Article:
Samsung Galaxy Crisis: A Result of Corporate Culture?

Posted on February 2, 2017 by Media Culture

Samsung has been relatively open and complacent in the on-going investigations of the overheating and exploding Galaxy Note 7 line of smartphones, even going as far as giving a worldwide broadcast outlining its theories on how the device turned dangerous. However, the exploding phone is really just a symptom of much bigger problems within the culture of Samsung and South Korea itself.

Is corporate culture to blame for these issues?

Samsung is in a particularly unusual situation within the South Korean business sphere.

This one corporation alone is responsible for 20 percent of exports, and any time the company experiences scandal or less than successful product launches, it can cause massive ripples throughout the economy. When you add that to the fact that South Korean culture, and the company culture at Samsung, function largely as top-down systems where workers are expected to follow orders without question, it’s easy to see how Samsung was a problem waiting to happen.

Samsung’s current head, Jay Y. Lee, is someone who has raised more than a few eyebrows. First, when he was accused of bribery in a presidential scandal, and again when he began taking strides to make Samsung more employee-friendly. Lee had not only encouraged employees to use English more often in international dealings, but had been effortlessly working to root out the harsh and often violent language commonly used by Korean supervisors when addressing staff members.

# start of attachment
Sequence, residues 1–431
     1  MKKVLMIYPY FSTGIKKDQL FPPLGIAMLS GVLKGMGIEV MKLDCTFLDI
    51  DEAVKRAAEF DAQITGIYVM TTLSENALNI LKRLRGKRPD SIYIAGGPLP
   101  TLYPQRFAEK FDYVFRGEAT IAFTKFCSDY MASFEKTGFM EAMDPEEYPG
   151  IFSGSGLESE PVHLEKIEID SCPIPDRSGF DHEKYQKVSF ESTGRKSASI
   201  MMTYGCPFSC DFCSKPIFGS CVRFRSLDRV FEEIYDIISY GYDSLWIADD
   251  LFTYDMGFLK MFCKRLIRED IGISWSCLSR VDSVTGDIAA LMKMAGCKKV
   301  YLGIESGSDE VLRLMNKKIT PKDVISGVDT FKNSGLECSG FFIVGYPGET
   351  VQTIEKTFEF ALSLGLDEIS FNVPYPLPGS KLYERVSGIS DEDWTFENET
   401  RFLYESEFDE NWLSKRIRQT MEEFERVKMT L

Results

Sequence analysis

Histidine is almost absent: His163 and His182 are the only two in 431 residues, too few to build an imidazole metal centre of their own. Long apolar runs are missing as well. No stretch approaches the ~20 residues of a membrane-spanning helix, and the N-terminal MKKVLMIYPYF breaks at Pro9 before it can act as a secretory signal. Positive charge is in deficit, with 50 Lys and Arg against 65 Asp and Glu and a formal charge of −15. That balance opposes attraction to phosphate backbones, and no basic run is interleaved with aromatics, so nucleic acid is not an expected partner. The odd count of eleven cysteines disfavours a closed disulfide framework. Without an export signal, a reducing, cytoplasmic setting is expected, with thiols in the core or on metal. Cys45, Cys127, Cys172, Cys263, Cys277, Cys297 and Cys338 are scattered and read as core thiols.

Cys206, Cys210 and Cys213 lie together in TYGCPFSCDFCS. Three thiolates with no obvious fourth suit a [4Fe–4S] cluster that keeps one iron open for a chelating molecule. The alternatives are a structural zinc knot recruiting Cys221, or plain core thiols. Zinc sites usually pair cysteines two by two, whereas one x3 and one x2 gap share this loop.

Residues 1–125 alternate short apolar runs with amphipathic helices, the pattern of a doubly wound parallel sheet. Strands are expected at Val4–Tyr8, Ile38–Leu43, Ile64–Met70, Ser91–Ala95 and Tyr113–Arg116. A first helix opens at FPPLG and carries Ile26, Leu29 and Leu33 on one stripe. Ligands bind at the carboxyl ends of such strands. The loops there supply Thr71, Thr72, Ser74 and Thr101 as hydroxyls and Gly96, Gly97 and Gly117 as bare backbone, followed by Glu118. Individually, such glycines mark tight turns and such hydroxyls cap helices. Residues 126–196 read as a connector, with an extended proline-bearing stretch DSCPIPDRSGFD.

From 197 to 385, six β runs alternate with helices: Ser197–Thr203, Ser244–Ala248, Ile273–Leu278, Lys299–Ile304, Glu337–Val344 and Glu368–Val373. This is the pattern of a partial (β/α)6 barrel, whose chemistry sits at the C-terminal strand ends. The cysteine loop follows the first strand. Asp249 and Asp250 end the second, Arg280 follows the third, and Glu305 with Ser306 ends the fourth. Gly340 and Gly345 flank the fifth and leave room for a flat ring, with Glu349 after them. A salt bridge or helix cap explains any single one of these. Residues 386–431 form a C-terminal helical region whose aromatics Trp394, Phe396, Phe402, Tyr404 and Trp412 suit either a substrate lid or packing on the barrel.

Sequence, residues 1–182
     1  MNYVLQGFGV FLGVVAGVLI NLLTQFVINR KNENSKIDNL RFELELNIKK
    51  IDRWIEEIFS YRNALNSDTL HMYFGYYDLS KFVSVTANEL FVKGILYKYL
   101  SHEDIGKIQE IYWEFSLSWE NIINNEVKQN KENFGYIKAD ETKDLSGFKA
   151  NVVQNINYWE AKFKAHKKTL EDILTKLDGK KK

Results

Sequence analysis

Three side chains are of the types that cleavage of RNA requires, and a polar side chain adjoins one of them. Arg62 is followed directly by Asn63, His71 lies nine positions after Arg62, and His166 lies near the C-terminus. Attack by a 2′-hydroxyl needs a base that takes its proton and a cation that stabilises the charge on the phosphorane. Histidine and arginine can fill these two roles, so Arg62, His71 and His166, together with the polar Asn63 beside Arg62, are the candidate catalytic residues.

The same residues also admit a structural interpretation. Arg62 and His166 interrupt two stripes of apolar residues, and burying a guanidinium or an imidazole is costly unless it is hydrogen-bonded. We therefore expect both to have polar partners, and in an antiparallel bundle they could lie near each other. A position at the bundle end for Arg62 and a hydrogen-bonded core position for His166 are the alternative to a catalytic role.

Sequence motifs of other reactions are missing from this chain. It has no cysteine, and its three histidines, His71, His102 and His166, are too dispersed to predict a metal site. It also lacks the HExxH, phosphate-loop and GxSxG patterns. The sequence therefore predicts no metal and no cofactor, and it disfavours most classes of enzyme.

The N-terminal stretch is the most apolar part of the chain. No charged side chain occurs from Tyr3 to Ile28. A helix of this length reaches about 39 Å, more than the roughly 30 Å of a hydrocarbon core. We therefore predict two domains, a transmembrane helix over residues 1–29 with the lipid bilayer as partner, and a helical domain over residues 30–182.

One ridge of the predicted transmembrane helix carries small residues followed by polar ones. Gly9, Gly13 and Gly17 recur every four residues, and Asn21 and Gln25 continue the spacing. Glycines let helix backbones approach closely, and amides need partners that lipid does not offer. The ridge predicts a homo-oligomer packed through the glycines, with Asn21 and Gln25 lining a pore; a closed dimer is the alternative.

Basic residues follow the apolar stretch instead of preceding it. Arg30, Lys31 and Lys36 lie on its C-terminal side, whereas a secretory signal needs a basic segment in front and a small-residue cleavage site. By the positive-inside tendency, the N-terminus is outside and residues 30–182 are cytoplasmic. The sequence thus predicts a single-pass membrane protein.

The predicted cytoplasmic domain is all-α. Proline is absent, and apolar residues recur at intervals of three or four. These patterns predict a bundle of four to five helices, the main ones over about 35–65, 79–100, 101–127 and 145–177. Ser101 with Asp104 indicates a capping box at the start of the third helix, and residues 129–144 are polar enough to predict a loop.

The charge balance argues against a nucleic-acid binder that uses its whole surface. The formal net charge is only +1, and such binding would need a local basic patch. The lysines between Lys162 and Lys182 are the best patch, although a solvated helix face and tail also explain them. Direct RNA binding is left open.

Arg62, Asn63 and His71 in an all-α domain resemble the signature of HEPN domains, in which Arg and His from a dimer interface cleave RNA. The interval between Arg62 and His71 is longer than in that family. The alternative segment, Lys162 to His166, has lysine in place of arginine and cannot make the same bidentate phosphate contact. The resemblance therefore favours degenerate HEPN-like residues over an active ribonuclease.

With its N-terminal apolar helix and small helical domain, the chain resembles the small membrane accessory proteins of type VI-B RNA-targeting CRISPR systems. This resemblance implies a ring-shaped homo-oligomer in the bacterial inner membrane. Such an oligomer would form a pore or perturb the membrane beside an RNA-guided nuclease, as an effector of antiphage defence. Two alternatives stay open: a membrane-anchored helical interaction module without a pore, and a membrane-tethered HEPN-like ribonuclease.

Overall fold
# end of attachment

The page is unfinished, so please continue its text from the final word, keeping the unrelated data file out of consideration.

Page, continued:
A lot of pressure

Unfortunately, the former chairman of Samsung – Lee’s father, Lee Kun-hee – suffered a stroke in 2014, after which the corporate culture once again began to contract. “In the Samsung culture, managers constantly feel pressured to prove themselves with short-term achievements,” Chung-Ang University Professor and former Samsung employee Kim Jin-baek explained to the New York Times. “Executives fret that they may not be able to meet the goals and lose their jobs, even when they know the goals are excessive.”

Samsung has apologized for the massive oversight in its Galaxy Note 7 smartphone devices and pledged to take particular steps to prevent the problem from recurring, including naming a board of battery advisors. Whether this is too little, too late, will be hard to know right away, but Samsung culture will have to again be addressed for the company to move forward.

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